The ROC curves for CRP and RDW in predicting in-hospital death.

Figure 1: The ROC curves for CRP and RDW in predicting in-hospital death.

Patients were divided into four groups according to the optimal cut-off values of CRP and RDW, specifically, 216 with low CRP and low RDW, 129 with high CRP and low RDW, 107 with low CRP and high RDW and 120 with high CRP and high RDW. Patients with low CRP and high RDW were more likely to be female and those with low CRP and low RDW to have a history of IE. In addition, lower rates of prior antibiotic use and New York Heart Association (NYHA) class III-IV were seen in patients with low CRP and low RDW. Higher levels of serum creatinine were detected in patients with high CRP and high RDW displaying lower concentrations of hemoglobin. Patients with high CRP were associated with higher erythrocyte sedimentation rate (ESR) and white blood count (WBC). Overall, 451 (78.8%) patients received surgical treatment, with the lowest rate recorded for the subgroup of patients with high CRP and high RDW (88.4% vs. 72.9% vs. 78.5% vs. 68.3%, P < 0.001). Moreover, in-hospital death rates (2.3% vs. 7.8% vs. 5.6% vs. 17.5%, P < 0.001) and MACEs (10.2% vs. 24.8% vs. 17.8% vs. 38.3%, P < 0.001) were significantly higher in patients with high CRP and high RDW, relative to the other subgroups. All surviving patients were followed up for a median of 32.4 (13.7–54.0) months (65 lost to follow-up). We observed statistical differences among the groups in terms of long-term mortality (4.9% vs. 6.7% vs. 10.2% vs. 14.9%, P = 0.032) (Table 1).

Table 1: Baseline clinical characteristics of patients according to CRP and RDW

Clinical variables

Low CRP, Low RDW (n = 216)

High CRP, Low RDW (n = 129)

Low CRP, High RDW (n = 107)

High CRP, High RDW (n = 120)

P-value

Age (year)

44.4 ± 13.9

47.1 ± 15.6

44.3 ± 14.5

43.4 ± 16.1

0.227

Males, n (%)

161 (74.5)

102 (79.1)

64 (59.8)

85 (70.8)

0.008

Hypertension, n (%)

34 (15.7)

20 (15.5)

9 (8.4)

15 (12.5)

0.283

Diabetes mellitus, n (%)

9 (4.2)

10 (7.8)

8 (7.5)

10 (8.3)

0.375

Previous IE

24 (11.1)

2 (1.6)

4 (3.7)

9 (7.5)

0.004

Prior antibiotic use

102 (47.2)

83 (64.3)

68 (63.6)

74 (61.7)

0.003

Prosthetic valves

9 (4.2)

9 (7.0)

8 (7.5)

6 (5.0)

0.552

Symptoms > 1 month

131 (60.6)

52 (40.3)

70 (65.4)

59 (49.2)

< 0.001

NYHA III–IV, n (%)

61 (28.2)

49 (38.0)

41 (38.3)

64 (53.3)

< 0.001

Affected valve

 Aortic

75 (34.7)

51 (39.5)

36 (33.6)

37 (30.8)

0.538

 Mitral

89 (41.2)

49 (38.0)

40 (37.4)

51 (42.5)

0.809

 Aortic+Mitral

13 (6.0)

10 (7.8)

11 (10.3)

17 (14.2)

0.080

 Others

22 (10.2)

7 (5.4)

14 (13.1)

13 (10.8)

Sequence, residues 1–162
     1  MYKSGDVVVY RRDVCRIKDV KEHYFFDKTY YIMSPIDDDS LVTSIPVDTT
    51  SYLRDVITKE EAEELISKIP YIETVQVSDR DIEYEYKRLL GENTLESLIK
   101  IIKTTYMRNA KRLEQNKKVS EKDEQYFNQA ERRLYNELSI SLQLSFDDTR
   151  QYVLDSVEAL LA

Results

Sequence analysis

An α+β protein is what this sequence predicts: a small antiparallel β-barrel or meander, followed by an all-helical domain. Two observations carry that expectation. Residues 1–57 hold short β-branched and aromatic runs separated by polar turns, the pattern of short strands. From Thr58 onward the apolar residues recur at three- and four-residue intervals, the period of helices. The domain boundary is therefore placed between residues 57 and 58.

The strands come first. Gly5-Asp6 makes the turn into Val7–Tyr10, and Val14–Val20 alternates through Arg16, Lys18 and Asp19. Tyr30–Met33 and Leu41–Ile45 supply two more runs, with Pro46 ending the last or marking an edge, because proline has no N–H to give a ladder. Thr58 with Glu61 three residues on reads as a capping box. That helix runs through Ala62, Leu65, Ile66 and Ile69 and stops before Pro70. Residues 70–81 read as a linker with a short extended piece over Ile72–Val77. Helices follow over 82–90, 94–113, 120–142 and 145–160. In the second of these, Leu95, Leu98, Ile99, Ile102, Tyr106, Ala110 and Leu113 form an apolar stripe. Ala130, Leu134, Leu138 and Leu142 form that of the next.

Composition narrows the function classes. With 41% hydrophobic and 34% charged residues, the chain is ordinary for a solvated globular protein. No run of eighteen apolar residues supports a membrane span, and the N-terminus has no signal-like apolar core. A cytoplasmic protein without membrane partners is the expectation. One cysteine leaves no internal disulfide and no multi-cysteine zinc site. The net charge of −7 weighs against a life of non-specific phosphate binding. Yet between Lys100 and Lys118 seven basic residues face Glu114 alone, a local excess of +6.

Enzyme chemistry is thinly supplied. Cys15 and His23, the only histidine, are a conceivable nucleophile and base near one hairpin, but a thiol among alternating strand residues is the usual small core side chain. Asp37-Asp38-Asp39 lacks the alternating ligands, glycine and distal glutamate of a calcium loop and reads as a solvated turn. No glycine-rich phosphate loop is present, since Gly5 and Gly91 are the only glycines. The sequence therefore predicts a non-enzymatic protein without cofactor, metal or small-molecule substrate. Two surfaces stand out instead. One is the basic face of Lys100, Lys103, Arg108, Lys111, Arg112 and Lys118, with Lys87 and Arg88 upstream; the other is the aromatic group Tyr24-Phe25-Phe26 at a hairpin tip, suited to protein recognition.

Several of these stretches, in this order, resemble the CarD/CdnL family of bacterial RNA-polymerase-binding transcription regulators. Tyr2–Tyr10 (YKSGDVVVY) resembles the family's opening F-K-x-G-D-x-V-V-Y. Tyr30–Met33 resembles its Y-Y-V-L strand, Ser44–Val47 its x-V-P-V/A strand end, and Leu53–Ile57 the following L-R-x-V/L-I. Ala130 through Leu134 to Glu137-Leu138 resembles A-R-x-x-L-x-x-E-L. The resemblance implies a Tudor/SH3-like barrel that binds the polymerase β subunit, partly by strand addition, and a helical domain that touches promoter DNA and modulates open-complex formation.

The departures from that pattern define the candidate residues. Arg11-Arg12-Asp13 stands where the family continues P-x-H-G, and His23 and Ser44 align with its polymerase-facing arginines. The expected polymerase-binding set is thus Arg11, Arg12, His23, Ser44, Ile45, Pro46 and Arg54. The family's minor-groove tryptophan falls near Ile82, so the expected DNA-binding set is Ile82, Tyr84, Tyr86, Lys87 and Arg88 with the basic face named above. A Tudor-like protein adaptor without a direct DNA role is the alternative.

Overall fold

0.233

Paravalvular abscess

7 (3.2)

12 (9.3)

6 (5.6)

8 (6.7)

0.128

CRP, mg/L

3.6 (1.9,7.5)

41.3 (27.7, 69.8)

7.7 (4.3, 12.9)

39.9 (26.5, 71.3)

< 0.001

ESR, mm/h

10.0 (4.0,28.0)

54.0 (26.0, 81.0)

25.0 (7.0, 51.3)

57.0 (28.0, 95.0)

< 0.001

Creatinine, umol/L

84.2 ± 26.7

83.4 ± 23.1

90.2 ± 48.9

98.7 ± 51.1

0.003

WBC (*10^9/L)

7.4 ± 2.7

10.9 ± 4.8

8.4 ± 3.3

11.7 ± 6.0

< 0.001

Hemoglobin, g/L

128.6 ± 20.6

109.4 ± 18.6

105.5 ± 21.3

95.3 ± 17.8

< 0.001

RDW (%)

14.2 ± 1.1

14.5 ± 1.0

19.1 ± 2.7

19.5 ± 3.2

< 0.001

LVEF (%)

65.0 ± 8.4

64.6 ± 8.5

63.8 ± 8.2

63.7 ± 9.7

0.539

Vegetation size > 10 mm

79 (36.6)

62 (48.1)

48 (44.9)

66 (55.0)

0.009

Surgical treatment

191 (88.4)

94 (72.9)

84 (78.5)

82 (68.3)

< 0.001

Type of surgery

 Bioprosthesis

30 (15.7)

11 (11.7)

18 (21.4)

12 (14.6)

 Mechanical prosthesis

131 (68.6)

70 (74.5)

58 (69.0)

62 (75.6)

 Repair

30 (15.7)

13 (13.8)

9 (9.5)

8 (9.8)

0.432

In-hospital events

 Embolic events

11 (5.1)

15 (11.6)

7 (6.5)

16 (13.3)

0.030

 Stroke

7 (3.2)

10 (7.8)

5 (4.7)

9 (7.5)

0.212

 Death

5 (2.3)

10 (7.8)

6 (5.6)

21 (17.5)

< 0.001

 MACEs

22 (10.2)

32 (24.8)

19 (17.8)

46 (38.3)

< 0.001

 Long-term mortality

9 (4.9)

7 (6.7)

9 (10.2)

13 (14.9)

0.032

Abbreviations: IE, infective endocarditis; NYHA, New York Heart Association; CRP, C-reactive protein; ESR, erythrocyte sedimentation rate; WBC,white blood count; RDW, red cell distribution width; LVEF, left ventricular ejection fraction; MACEs, major adverse clinical events.

Patients with high RDW were more likely to have a long disease course (symptoms > 1 month). Subgroup analysis for patients with symptoms for > 1 month or not was additionally performed. CRP was higher in the in-hospital death patient group, regardless of the duration of IE. However, differences in RDW were only observed in patients with symptoms ≤ 1 month.

Predictive value of CRP and RDW for adverse outcomes